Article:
Friday, September 19, 2008

Thoughts on Order and Space

A country's physical infrastruture tells us a few things about the country. One, of course, is if the country was relatively wealthy. Although this is generally true, it may not remain true for much longer. Large nations like China (and probably India though the desire to do the same is not in evidence) can build shining cities with the collective wealth of a large population while the per capita income remains small compared to that of an advanced nation. The other piece of information we get is if the culture is used to thinking about space and architecture in way to benefit the daily demands of the society. Eastern nations have built great temples, as have Western nations built imposing cathedrals, but the architecture of the past 100 years- call it modern, postmodern, prairie-style, whatever- has by and large sought to understand how humanity could live, work and play optimally within the walls of a building- and hence we have skyscrapers, Ikea furniture, wall-beds, studio apartments, and so on.

Besides, the layout of the physical infrastructure tells us how a society can harness its leadership, creativity and resources to create a sense of order. Asian countries like Singapore have created order that is clinical and driven from the top down, no questions asked by anyone below the food chain. As film-maker Ang Lee once said about his experience in making Sense and Sensibility, in Taiwan the director is king- the underlings learn from him without a word, but in the West, the actors want to discuss things, give suggestions; and this made him feel he came across as a bad director. China is a recent example of building great order out of pre-'80s chaos.

In India the chaos is pervasive, the only places where this doesn't exist are the homes where concepts like Vaastu have taken hold. Private space is most respected, and public space is not. Therefore you have high sidewalks which are difficult to mount, full of trees that obstruct your path, billboards, hawkers and what have you. Homes in contrast are clean. Last year I was on the campus of a large IT service provider where the lawns were beautifully manicured and buildings wonderful. Just outside the gate, in Electronic City, Bangalore, was a potholed road, in disrepair for several years. That gives one the idea.

By and large in Western societies the sense of order is not drive top down, but understood by the society as a whole to be the norm. But the kind of order than you have in Chicago can be understood to be less orderly than that you find in Shanghai. O'Hare airport is the busiest airport in the US, but also a very crowded one, the highways connecting it clogged during peak hours, and longstanding demands for upgrade have been so far unfulfilled. However this is not unfulfilled in the sense that one gets in India. This is not as much to do with inertia or corruption (although they exist) as with egalitarian priorities.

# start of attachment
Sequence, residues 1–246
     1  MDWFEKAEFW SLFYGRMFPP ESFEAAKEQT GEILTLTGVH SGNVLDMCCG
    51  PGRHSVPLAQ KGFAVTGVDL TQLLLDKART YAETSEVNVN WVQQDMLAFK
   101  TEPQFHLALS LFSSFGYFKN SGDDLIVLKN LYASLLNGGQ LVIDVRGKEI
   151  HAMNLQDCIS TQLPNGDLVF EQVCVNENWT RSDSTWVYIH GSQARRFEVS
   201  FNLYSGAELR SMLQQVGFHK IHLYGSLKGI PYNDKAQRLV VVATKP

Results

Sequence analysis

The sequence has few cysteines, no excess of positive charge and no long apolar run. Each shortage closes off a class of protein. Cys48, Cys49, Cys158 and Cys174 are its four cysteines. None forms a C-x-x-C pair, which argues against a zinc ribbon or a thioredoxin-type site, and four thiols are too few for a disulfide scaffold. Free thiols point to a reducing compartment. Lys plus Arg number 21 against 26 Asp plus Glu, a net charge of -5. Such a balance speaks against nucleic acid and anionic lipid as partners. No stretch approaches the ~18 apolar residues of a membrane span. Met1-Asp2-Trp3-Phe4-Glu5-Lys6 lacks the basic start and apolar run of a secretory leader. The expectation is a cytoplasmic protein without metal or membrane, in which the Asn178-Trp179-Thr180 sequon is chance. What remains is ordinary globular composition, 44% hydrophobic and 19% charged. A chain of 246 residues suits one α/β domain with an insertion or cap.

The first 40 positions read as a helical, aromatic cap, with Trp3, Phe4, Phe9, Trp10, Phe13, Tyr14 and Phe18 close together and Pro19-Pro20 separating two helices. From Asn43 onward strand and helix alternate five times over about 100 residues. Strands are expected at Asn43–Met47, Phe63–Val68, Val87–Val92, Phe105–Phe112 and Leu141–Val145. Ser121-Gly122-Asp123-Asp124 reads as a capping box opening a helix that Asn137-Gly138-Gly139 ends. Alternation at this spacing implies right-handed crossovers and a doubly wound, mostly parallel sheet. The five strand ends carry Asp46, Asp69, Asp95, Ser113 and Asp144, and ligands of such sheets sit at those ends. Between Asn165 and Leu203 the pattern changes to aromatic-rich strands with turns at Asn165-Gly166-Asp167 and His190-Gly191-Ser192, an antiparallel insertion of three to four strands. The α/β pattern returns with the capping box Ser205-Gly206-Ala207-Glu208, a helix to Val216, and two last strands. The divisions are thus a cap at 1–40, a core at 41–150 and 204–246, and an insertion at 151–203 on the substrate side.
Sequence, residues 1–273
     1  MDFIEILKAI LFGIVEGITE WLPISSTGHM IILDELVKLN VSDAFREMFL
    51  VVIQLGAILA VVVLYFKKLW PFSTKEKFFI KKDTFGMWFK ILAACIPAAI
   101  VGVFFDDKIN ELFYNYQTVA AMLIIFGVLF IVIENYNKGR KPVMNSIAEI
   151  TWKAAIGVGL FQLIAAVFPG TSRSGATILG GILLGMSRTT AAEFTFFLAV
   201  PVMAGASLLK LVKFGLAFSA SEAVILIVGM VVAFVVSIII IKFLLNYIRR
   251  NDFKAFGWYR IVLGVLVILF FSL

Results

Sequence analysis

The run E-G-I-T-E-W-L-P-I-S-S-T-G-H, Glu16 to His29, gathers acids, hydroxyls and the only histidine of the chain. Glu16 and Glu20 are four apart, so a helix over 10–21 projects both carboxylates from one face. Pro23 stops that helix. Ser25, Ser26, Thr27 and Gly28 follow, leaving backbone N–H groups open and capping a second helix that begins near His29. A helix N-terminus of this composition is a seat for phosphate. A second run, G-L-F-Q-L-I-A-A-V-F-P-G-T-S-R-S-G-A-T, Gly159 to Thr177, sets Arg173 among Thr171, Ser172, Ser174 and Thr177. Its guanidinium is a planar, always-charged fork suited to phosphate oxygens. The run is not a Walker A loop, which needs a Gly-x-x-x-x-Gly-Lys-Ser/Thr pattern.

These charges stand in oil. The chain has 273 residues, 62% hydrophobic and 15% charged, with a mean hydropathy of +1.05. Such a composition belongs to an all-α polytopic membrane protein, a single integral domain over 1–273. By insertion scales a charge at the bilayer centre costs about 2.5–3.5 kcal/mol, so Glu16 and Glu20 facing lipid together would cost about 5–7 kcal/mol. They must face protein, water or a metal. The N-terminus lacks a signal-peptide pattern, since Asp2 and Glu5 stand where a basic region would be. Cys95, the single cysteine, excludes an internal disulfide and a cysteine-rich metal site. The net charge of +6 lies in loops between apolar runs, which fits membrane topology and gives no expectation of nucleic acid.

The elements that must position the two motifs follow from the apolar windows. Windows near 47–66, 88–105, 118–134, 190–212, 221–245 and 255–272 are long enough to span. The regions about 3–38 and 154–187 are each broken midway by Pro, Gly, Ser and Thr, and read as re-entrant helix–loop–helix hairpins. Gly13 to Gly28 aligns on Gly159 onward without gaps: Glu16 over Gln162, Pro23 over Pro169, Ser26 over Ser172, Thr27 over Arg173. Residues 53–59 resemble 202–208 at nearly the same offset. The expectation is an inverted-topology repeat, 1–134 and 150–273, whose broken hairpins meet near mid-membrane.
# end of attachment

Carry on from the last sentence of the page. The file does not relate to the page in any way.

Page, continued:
Virtual infrastructure though is becoming a panacea for many of India's headaches. A colleague who has been in IT services sales for many years recently described to me the horrors of getting an RFP from a government institution in India. This was many years ago. The announcement that an RFP was to be released would hit the news. On the morning of the day of release the sales managers would crowd outside the door or window where RFP hard copies would be handed out. There are always limited copies, so the most burly or aggressive of the lot would fight and get their copies, and those who couldn't get in first would go home emptyhanded. Today though, RFPs are released electronically, and the number of recipients has increased. This is not to say that all problems in India have been similarly solved. Standardized tests and group discussions for B-school admissions are still chaos.

One would imagine that the Internet and electronic sourcing, commerce and other tools have made order out of chaos. The fact is that these tools have simply achieved what the police or infrastructure could not achieve - to keep the people disciplined and orderly. The concept of standing in a line is today made irrelevant, and hence the clutter is cut down. But the rules of web applications and the protocols of the Internet, email and other electronic tools are defined by people who sought to create order from chaos.

Could an Asian country have defined these rules originally? Perhaps an Indian pioneer who was disgruntled with the state of things could have brought this about. Or a Chinese government employee, wanting to be conscientious or earn brownie points or earn a higher rank, could have done it. I think these highly improbable situations. I do not imply that Indians or Chinese lack creativity or motivation. For nothing good comes without these. India has seen volunteer projects like Exnora. China has seen cracked the rice genome.

I just mean that a society that can conceive of physical infrastructure in ways to benefit humanity is the society that can define rules for virtual infrastructure as well. Creativity in orderliness is the same underpinning for both these infrastructures. The mechanics of these may be replicated in other societies- some more successfully than others. But order is something felt internally, and the more it is true of the people, the more we see it outside of them.

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